Treat her like a parent
In 1851 when the Fort Des Moines Dragoon military outpost officially incorporated, it bore little resemblance to the city that sprung up around the confluence of the Des Moines and Raccoon rivers. There were no other towns – today’s suburbs – in its shadows. Valley Junction wouldn’t be settled until nearly 50 years later, a lifetime in those days. Other suburbs officially became cities in the 1900s, starting with Urbandale in 1917 and ending with Clive in 1956.
At the time, the development boom occurring around the city, whose name was shortened to Des Moines six years after incorporation, probably wasn’t a vexing concern for leaders. Without the benefit of hindsight, it was seen as natural spawning, indigenous development that made the area as a whole vibrant and economically sound, not a somewhat cannibalistic development pattern that left the mother city itself struggling and the area as a whole speaking with a discordant chorus of voices.
Des Moines is rather like an aging parent who has borne and reared several children and who, though aging gracefully, requires more trips to the doctor and faces more expenses in later life just to remain healthy. Just as parents sacrifice some of their assets so their children have the benefit of college education or enjoy a quality of life that is better than their own, Des Moines gave up much of its wealth, or tax base, to ensure that its citizens and those across the state would have access to health care, cultural amenities and government services, and enjoy a higher quality of life.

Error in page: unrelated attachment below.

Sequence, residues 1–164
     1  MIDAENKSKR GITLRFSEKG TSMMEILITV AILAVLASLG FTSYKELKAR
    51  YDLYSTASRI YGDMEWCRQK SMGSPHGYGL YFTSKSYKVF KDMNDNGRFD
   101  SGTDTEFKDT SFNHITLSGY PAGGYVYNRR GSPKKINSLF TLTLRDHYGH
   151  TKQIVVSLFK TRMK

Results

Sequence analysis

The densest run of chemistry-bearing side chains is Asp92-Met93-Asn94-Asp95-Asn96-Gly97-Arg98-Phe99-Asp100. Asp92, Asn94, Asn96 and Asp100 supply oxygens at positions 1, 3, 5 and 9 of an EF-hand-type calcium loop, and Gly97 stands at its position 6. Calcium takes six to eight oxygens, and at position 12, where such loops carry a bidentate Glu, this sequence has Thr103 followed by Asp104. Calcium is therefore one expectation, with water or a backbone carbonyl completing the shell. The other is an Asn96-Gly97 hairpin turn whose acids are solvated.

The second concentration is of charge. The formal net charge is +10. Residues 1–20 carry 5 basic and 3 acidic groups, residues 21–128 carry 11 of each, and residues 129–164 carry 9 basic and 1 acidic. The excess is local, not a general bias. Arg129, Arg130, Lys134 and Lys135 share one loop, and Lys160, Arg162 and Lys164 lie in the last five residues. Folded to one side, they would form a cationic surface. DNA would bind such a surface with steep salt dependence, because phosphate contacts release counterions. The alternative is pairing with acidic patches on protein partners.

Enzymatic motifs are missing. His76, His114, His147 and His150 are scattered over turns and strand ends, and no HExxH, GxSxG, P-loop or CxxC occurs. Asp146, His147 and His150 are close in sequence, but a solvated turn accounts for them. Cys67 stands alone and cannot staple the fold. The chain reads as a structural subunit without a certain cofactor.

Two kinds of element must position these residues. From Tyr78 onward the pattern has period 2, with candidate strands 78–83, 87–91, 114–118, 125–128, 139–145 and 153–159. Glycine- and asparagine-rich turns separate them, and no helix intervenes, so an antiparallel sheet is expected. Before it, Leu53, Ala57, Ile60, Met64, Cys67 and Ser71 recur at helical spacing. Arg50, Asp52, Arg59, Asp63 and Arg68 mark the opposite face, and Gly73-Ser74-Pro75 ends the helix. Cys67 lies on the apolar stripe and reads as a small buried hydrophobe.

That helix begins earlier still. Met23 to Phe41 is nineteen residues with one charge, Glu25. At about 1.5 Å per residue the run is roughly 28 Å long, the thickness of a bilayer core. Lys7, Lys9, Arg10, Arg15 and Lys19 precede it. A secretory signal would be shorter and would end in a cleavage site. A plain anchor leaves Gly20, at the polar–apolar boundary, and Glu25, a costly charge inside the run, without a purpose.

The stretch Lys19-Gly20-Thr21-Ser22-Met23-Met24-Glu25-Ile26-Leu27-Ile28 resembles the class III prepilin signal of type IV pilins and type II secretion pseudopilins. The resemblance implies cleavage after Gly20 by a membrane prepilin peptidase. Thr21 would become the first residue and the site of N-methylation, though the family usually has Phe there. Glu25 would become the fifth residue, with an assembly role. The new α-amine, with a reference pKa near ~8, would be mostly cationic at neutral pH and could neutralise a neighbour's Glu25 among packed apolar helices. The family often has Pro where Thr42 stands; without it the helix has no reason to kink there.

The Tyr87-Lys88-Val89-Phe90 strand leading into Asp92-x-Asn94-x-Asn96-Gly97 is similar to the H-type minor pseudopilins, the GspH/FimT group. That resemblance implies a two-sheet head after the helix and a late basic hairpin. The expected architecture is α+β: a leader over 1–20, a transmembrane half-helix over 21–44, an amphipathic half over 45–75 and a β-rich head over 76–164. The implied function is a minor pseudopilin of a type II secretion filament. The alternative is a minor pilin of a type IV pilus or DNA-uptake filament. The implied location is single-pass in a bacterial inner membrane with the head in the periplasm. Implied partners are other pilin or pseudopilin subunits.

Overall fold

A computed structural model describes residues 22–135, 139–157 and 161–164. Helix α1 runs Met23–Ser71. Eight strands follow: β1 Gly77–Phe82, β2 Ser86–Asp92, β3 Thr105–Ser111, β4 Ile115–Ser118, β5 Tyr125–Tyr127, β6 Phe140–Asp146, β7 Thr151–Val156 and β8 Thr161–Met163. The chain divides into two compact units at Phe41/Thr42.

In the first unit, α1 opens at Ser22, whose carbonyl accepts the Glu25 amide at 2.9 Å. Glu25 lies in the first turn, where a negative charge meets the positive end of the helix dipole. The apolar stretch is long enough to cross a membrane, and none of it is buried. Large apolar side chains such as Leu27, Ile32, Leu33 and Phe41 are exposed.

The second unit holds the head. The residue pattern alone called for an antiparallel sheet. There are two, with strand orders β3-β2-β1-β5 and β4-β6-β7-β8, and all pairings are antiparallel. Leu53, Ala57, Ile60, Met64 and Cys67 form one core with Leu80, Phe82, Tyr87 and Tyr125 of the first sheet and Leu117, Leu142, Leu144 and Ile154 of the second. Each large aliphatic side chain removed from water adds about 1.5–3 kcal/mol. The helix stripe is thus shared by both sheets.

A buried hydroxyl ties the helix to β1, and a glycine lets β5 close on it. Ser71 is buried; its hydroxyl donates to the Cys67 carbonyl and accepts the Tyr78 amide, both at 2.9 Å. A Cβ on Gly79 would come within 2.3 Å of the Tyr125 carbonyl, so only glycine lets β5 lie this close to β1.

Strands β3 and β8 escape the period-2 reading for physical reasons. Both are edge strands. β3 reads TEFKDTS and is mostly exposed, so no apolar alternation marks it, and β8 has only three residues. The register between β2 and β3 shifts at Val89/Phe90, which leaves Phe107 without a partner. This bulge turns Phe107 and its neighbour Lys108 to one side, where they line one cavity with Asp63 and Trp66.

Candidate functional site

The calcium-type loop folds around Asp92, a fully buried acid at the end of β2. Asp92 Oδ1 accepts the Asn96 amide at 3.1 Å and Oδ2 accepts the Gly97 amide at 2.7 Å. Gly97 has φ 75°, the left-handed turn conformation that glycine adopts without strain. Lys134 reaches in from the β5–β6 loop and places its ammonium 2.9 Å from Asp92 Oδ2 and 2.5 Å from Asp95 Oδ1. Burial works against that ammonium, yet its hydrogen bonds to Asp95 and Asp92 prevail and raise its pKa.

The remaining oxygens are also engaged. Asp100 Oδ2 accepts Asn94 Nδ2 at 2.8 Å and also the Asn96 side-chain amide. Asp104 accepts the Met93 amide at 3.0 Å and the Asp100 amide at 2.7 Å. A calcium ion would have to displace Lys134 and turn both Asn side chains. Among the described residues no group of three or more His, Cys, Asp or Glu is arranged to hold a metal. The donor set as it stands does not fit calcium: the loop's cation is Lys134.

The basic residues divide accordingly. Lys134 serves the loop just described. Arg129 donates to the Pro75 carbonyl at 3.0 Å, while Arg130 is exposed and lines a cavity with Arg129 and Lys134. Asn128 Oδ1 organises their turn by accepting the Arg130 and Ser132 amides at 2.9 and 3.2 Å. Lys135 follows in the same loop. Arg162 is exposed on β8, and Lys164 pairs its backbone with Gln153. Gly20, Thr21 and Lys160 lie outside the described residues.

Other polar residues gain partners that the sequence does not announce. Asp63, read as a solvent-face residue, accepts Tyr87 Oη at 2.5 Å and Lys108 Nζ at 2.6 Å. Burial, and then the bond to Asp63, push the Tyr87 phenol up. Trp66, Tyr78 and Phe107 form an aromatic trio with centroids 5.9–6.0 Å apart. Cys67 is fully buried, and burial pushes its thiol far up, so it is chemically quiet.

Most children don’t begrudge the expense of nursing their elderly parents through illnesses. They see the costs as necessary to not only extend their aging parent’s life, but also improve the quality of it. In other words, they don’t kick Mom to the curb and tell her she’s on her own.
Viewing the proposal to merge the Des Moines city and Polk County governments through the same lens, as one prescription to keep the capital city healthy, may help residents sort out the impassioned debate that is sure to precede the Nov. 2 election on the measure. State, county and city leaders have taken great steps to nurse the city back to health, moving forward with $1.6 billion in public projects that will be used by residents statewide. Those and other projects are ambitious and well thought out, but are they enough to cure what ails Des Moines?